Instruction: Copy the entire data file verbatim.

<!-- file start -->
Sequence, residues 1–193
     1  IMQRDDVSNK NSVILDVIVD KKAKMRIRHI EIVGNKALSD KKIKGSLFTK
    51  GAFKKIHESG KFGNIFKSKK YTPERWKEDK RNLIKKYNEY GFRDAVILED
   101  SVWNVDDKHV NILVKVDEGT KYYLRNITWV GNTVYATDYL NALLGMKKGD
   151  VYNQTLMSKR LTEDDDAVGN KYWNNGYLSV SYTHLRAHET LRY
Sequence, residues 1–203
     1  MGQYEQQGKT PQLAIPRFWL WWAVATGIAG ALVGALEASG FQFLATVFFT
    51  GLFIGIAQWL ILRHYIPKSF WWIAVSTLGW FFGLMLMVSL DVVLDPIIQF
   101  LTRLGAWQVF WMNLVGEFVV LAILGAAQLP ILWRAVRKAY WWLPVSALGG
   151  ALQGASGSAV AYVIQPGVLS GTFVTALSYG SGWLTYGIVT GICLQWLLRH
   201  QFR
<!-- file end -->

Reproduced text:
Sequence, residues 1–193
     1  IMQRDDVSNK NSVILDVIVD KKAKMRIRHI EIVGNKALSD KKIKGSLFTK
    51  GAFKKIHESG KFGNIFKSKK YTPERWKEDK RNLIKKYNEY GFRDAVILED
   101  SVWNVDDKHV NILVKVDEGT KYYLRNITWV GNTVYATDYL NALLGMKKGD
   151  VYNQTLMSKR LTEDDDAVGN KYWNNGYLSV SYTHLRAHET LRY
Sequence, residues 1–203
     1  MGQYEQQGKT PQLAIPRFWL WWAVATGIAG ALVGALEASG FQFLATVFFT
    51  GLFIGIAQWL ILRHYIPKSF WWIAVSTLGW FFGLMLMVSL DVVLDPIIQF
   101  LTRLGAWQVF WMNLVGEFVV LAILGAAQLP ILWRAVRKAY WWLPVSALGG
   151  ALQGASGSAV AYVIQPGVLS GTFVTALSYG SGWLTYGIVT GICLQWLLRH
   201  QFR